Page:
40 years of dedication to Chesapeake Bay oysters—and their many benefits

By the 1990s, oyster populations in the Chesapeake Bay had fallen to 1-2% of their historic levels. As a long-time member of the Bay Program, the National Oceanic and Atmospheric Administration (NOAA) has played a key role in the partnership’s efforts to boost oyster populations and their habitats. The effort has seen major scientific advances, leaps in public awareness around the ability of oysters to clean the water and most recently, the world’s largest oyster restoration effort happening right here in the Bay.

Women place plastic tree tubes around young saplings planted in a forest.
Sally Claggett served as coordinator of the Chesapeake Bay Program's Forestry Workgroup from 2008 to 2022. (Photo by Will Parson/Chesapeake Bay Program)

For Virginia, decades of wastewater treatment upgrades make for a healthier Bay

Between the mid-1990s and early 2000s, the Commonwealth of Virginia made significant progress in updating wastewater treatment plants within the Bay watershed to reduce pollution. Working closely with local municipalities, the Commonwealth increased the clean water standards that each wastewater treatment plant had to meet and provided funding to do so. Since 2007, these measures have reduced the amount of phosphorus discharges to the Bay from Virginia’s wastewater treatment facilities by more than 50%.

The science and policy behind Chesapeake Bay restoration

As a signatory to every Chesapeake Bay agreement and the only one representing the legislative branch of three state governments, the Chesapeake Bay Commission brings a unique perspective to the Bay Program. Over four decades, the Commission has helped get bills and laws passed that protect the Bay, such as the conservation practice funding provided in the most recent Farm Bill.

Three Chesapeake Gateways sites that capture the magic of the region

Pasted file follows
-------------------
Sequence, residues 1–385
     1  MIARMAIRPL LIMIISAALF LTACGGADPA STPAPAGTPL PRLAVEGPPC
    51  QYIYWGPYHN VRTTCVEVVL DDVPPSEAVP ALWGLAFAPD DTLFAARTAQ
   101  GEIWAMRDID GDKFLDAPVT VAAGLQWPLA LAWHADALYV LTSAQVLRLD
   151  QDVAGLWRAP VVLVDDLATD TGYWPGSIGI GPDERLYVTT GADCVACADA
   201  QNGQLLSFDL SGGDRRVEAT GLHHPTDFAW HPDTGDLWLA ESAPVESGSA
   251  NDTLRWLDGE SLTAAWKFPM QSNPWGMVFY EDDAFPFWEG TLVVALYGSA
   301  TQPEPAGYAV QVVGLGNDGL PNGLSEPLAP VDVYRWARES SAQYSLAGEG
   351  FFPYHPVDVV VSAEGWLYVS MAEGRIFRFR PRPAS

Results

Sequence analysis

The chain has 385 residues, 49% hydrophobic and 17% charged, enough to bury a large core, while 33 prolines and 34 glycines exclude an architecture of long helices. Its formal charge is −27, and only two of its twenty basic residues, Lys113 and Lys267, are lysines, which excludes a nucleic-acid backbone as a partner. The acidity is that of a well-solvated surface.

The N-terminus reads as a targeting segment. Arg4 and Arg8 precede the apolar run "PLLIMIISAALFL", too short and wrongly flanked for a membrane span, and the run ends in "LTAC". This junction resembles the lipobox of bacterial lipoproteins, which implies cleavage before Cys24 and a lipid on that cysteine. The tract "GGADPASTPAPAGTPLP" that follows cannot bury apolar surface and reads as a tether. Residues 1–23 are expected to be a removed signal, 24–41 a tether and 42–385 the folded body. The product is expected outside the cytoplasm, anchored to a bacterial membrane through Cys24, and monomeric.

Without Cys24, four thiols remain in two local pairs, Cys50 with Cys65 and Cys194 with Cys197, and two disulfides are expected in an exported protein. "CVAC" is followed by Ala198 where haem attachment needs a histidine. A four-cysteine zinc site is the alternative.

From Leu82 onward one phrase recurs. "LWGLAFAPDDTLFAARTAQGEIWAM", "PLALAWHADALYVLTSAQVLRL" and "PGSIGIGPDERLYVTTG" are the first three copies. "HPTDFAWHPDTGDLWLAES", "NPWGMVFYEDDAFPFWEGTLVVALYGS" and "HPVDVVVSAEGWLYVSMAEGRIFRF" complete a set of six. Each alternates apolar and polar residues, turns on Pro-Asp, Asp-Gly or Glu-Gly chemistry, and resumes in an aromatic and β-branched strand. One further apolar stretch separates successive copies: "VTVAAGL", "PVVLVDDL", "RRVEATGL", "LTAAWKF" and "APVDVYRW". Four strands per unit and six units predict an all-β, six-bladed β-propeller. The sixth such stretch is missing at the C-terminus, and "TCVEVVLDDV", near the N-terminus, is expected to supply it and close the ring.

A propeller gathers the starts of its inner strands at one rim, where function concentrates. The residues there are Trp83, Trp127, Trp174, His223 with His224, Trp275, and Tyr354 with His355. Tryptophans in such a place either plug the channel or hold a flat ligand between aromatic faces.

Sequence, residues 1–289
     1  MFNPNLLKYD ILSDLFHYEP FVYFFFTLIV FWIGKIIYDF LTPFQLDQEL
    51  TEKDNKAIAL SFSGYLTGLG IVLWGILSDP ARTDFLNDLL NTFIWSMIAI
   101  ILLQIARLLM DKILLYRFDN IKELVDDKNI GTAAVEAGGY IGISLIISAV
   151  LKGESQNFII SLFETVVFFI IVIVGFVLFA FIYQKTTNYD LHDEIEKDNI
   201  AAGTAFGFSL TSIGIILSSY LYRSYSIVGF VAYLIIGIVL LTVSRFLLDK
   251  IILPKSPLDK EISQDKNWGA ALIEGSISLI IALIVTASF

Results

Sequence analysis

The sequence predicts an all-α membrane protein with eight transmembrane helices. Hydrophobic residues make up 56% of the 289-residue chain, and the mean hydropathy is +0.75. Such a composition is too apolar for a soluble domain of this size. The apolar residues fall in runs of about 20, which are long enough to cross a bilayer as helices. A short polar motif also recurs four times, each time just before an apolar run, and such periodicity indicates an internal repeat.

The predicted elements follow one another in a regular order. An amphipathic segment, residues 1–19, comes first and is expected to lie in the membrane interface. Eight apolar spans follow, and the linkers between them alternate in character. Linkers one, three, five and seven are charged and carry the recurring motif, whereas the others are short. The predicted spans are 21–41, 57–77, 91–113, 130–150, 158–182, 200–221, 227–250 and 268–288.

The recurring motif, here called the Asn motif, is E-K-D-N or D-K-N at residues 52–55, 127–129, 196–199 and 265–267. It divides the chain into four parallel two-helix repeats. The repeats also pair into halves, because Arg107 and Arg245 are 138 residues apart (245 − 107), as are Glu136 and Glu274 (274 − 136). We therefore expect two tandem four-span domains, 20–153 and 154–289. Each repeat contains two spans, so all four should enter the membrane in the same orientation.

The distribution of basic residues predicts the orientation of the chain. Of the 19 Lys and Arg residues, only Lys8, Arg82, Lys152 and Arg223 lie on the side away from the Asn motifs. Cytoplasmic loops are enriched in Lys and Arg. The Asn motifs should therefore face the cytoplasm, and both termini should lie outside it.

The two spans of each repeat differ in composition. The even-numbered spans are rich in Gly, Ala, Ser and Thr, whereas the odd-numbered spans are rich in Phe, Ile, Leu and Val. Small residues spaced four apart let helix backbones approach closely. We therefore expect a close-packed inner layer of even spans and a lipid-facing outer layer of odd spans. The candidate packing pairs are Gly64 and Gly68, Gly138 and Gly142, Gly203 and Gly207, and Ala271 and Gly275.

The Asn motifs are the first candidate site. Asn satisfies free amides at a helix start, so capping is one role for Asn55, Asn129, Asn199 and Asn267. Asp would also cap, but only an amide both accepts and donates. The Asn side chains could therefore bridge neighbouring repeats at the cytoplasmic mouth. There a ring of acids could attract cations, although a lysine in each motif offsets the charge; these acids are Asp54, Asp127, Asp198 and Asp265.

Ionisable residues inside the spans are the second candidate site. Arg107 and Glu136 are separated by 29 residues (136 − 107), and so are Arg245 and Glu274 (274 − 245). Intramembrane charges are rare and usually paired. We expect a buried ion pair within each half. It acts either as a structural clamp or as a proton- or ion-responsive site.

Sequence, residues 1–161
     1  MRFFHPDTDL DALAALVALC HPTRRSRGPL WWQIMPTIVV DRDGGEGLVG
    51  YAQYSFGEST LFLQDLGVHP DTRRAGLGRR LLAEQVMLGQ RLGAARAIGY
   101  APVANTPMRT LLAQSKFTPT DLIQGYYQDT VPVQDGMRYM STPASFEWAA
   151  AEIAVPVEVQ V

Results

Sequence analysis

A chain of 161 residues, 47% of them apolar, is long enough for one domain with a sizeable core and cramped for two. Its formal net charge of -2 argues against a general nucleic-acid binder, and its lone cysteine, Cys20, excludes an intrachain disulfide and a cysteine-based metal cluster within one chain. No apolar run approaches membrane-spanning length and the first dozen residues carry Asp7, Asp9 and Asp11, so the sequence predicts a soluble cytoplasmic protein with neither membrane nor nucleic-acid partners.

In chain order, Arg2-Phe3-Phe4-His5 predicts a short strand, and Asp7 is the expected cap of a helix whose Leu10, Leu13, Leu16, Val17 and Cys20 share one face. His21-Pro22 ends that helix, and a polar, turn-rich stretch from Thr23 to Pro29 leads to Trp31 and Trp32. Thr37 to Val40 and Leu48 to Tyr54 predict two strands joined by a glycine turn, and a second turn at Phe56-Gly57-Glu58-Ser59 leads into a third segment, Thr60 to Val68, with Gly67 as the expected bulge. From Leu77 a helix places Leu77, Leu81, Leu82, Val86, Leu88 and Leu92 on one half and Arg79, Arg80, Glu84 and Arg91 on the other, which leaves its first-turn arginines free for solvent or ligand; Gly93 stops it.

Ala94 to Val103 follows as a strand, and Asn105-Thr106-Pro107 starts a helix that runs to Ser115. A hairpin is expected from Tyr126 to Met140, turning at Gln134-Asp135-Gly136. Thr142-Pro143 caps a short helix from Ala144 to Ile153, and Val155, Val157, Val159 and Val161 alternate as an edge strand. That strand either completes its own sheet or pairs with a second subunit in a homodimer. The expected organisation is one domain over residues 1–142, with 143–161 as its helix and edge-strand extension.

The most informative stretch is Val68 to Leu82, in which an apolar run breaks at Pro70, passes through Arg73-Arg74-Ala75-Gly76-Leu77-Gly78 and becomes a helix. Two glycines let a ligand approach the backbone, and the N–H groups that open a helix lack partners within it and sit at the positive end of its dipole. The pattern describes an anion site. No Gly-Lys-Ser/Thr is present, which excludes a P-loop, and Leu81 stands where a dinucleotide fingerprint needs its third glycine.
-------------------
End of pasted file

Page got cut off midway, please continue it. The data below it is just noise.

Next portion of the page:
Since 2000, the National Park Service has connected communities throughout the Bay watershed to nearly 170 trails, museums, parks, refuges and facilities within their Chesapeake Gateways network. This work has been critical to the partnership's efforts to foster community stewardship, conserve lands and open up public access sites.

Sixth-grade students wade through a shallow creek, carrying small nets to sample invertebrates.
Sixth-grade students from Old Middle School practice stream sampling for aquatic macroinvertebrates along a stretch of Severn Run in Anne Arundel County, Maryland. (Photo by Will Parson/Chesapeake Bay Program)

Defending the Bay: How the Department of Defense contributes to Bay restoration

The Department of Defense (DoD) became one of the first federal departments to formally join the Bay Program’s watershed restoration effort in 1984. Since then, they have implemented countless conservation practices across the watershed to reduce pollution entering the Bay from military sites. The DoD is a key contributor to the partnership’s wetland restoration and shoreline protection efforts.

40 years of educating Chesapeake Bay stewards

Education about the Chesapeake Bay has grown tremendously over the past 40 years, thanks in large part to NOAA. Through their partnership with the Chesapeake Bay Program, NOAA has provided schools with the resources needed to teach critical environmental learning in and outside of the classroom. In 2002, they started the Bay Watershed Education and Training (B-WET) program which has supported more than 730,000 student experiences and nearly 30,000 professional development opportunities for educators.

These stories represent just a small portion of the restoration and conservation work carried out by the Chesapeake Bay Program.

Is there an aspect of our work that resonates the most with you? Let us know in the comments!